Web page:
A look into the religious belief system of the Yoruba people of Nigeria of West Africa, for example, indicated that it was more or less not any different from the pretentious monotheist worship brought about by the colonialists where there is supreme deity somewhere above the earth and for mankind to get to that supreme being one must go through a certain ordained channel of sonship.
The Yoruba religious philosophy that there is a phenomenon called fate or destiny [Ayanmo] and one must be destined to be one in spirit with the supreme deity called Olodumare-the divine creator of all things. That the deeds and thoughts of each person here on earth in his/her physical life interact with all living things; every individual has to achieve this transcendence of their passage to that destiny in Orun Rere by the number of good deeds and thoughts…
“One’s Orí-Inu (spiritual consciousness in the physical realm) must grow in order to consummate union with one’s Iponri (Orí Òrún). Those who stop growing spiritually are destined for Òrún-Apadi (the realm of the forsaken). Life and death are cycles of existence in a physical body while one’s spirit evolves toward transcendence. This evolution is most advanced in Irùnmolẹ (being human: a compound word derived from “oní irun”, the unique hair that distinguishes humans from beasts; “imo”, having knowledge of one’s destiny; and “ilẹ” on the land.)
Iwapẹlẹ (well-balanced) meditation and sincere veneration is sufficient to strengthen the Orí-Inu of most people. Well-balanced people, it is believed, are able to make positive use of the simplest form of connection between eniyan and Olu-Òrún: adúra (petition or prayer) for divine support.
Prayer to one’s Orí Òrún can produce an immediate sensation of joy. Ẹlégbara (Eṣu, the divine messenger) initiates contact with Òrún, and transmits the prayer to Ayé; the deliverer of àṣẹ. Ẹlégbara transmits prayers without distortion. Regardless of the form of prayer or offering, Ifá is called upon in times of major decision making. Orunmila and Ifa are interchangeable. All communication with Òrún is energized by invoking àṣẹ.
In the Yoruba creation myth, Olódùmarè (also called Olorun) is the creator. In the beginning, there is only water. Olódùmarè sends Obatala to bring forth land. Obatala descended from above on a long chain, bringing with him a rooster, some earth, and some iron. He stacked the iron in the water, the earth on the iron, and the chicken atop the earth. The chicken kicked and scattered the earth, creating land. Some of the lesser gods descended upon it to live with Obatala. One of them, Chameleon, came first to judge if the earth was dry. When it was, Olódùmarè called the land Ife for “wide”. Obatala then created humans out of the earth and called Olódùmarè to blow life into them. Some say Obatala was jealous and wished to be the only giver of life, but Olódùmarè put him to sleep as he worked. But it is also said that it is Obatala who shapes life while it is still in the womb”.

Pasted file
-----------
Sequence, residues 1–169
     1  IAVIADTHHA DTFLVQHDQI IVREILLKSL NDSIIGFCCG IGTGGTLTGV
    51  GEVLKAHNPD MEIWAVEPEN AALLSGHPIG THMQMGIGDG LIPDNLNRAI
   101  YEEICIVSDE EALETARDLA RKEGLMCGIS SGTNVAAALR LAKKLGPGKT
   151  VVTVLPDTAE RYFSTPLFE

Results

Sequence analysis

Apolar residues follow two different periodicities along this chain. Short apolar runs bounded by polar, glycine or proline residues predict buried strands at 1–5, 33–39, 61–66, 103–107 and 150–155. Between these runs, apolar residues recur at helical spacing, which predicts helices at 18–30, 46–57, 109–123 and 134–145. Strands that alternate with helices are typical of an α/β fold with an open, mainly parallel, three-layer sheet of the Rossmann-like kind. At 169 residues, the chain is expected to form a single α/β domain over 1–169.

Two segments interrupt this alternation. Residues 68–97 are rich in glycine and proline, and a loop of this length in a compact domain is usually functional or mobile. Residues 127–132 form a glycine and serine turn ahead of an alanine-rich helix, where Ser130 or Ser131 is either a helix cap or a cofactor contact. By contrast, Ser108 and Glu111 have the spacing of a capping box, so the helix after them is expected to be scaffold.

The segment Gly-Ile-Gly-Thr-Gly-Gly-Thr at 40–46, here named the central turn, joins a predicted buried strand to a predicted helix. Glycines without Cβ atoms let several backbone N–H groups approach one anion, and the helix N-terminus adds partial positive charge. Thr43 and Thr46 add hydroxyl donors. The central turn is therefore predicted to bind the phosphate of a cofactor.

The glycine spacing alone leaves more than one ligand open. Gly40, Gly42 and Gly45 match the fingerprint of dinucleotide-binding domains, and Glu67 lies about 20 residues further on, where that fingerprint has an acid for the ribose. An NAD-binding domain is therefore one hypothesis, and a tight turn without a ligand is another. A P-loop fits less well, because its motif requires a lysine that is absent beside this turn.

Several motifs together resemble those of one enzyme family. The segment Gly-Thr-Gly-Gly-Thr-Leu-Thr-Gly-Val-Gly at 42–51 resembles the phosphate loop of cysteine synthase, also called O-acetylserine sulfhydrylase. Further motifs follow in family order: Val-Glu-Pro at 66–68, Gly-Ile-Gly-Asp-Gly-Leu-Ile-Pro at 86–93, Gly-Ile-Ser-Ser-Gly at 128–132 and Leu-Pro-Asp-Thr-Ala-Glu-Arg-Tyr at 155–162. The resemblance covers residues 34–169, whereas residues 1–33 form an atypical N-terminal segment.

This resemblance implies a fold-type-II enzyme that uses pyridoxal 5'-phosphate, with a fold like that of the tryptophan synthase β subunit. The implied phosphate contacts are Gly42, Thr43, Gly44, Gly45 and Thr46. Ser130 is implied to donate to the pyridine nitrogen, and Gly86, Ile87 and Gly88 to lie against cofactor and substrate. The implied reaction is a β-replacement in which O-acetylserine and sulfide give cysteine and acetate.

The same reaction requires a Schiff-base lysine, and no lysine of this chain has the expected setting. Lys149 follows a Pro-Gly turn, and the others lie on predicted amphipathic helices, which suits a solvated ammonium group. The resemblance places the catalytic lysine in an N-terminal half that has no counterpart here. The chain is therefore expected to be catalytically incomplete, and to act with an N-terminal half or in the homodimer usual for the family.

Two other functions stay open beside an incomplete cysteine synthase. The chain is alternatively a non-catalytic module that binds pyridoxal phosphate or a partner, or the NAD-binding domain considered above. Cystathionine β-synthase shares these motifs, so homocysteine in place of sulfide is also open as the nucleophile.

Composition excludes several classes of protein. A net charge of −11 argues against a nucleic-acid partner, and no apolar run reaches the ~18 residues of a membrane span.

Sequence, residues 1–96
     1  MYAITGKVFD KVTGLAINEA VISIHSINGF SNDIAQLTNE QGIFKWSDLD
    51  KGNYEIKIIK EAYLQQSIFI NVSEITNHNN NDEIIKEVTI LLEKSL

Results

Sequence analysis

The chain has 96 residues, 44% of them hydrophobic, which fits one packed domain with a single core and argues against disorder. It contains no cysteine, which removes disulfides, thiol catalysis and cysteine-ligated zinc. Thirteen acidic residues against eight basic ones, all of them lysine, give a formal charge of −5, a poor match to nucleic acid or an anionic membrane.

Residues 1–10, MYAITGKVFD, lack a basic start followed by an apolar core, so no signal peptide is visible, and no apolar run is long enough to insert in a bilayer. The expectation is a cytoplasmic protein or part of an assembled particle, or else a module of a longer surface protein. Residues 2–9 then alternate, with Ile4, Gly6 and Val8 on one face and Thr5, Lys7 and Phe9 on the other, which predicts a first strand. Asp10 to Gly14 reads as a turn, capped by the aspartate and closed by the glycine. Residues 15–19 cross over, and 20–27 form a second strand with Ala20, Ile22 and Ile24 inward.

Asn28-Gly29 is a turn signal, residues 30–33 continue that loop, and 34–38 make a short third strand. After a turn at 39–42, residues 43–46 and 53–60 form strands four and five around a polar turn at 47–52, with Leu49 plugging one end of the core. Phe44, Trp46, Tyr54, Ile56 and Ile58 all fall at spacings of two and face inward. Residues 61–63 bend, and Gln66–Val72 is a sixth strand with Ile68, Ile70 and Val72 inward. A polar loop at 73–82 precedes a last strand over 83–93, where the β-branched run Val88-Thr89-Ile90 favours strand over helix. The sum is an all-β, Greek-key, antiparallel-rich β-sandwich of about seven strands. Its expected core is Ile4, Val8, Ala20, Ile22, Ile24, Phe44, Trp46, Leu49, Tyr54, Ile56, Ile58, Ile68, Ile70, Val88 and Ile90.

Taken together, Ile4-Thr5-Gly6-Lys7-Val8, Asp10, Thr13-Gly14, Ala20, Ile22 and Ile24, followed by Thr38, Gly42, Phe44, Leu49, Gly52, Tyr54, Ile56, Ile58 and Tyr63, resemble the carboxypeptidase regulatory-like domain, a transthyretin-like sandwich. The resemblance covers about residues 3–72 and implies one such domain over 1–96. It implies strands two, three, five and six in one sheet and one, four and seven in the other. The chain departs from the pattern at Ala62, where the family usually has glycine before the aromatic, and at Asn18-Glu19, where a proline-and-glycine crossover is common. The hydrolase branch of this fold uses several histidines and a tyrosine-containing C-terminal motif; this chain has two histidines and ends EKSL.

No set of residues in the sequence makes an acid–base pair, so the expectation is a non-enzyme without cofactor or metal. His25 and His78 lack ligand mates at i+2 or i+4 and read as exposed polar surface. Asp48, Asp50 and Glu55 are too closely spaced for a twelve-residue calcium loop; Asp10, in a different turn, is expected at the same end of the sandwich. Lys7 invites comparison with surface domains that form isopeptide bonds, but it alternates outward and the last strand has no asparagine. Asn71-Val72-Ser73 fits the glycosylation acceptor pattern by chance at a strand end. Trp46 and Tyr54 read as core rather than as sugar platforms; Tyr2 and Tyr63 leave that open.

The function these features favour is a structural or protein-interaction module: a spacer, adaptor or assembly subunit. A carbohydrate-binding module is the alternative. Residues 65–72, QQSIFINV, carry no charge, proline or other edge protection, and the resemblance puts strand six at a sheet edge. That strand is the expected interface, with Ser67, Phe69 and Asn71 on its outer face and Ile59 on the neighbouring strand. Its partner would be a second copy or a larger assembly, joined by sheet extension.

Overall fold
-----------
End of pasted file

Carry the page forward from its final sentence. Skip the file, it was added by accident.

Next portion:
With the example of the Yoruba myth, which of course transcends other parts of the continent, one is made to believe that a strong religious belief system was in existence before the colonialists came despite the lack of documentation.
It was this system that was forced to be silenced or completely destroyed either through methodical reasoning or through the use of violence; the same mythology and violence which still exist in many African countries to date.
In the midst of all these negatives, does it mean that the colonialists did not leave any positives behind when the various countries of Africa started to gain independence? One would like to argue that the negatives far outweigh the positives so there should be no room to elaborate on the virtue of colonialism in Africa. This is wrong in its entirety; one thing was certain, the coming of the colonial masters into the continent and when they eventually left-leaving their shadows behind- brought Africans to the reality of looking at the broader picture of existence that it could not be defined in one prism.
What is the way forward? According to Doris Kearns Goodwin, “The past is not simply the past, but a prism through which the subject filters his own changing self-image.”
Africans, especially her leaders should not join the bandwagon of those who believe that the past is just another past and should be forgotten while the thoughts and deeds should be geared towards the future, no, the legacies of the past should be studied and there should be the sincerity of finding a long-lasting solution to the negatives; a vibrant and functional educational system where the continent shall start re-working on her psychological failures over the centuries, looking inward and using the wealth of the continent to better the lot of the people, banishing unnecessary fears that would prevent the continent’s growth, learn to trust one another and not to see the other African next door as a stranger who should not be welcomed into her presence. And of course fight corruption at all fronts.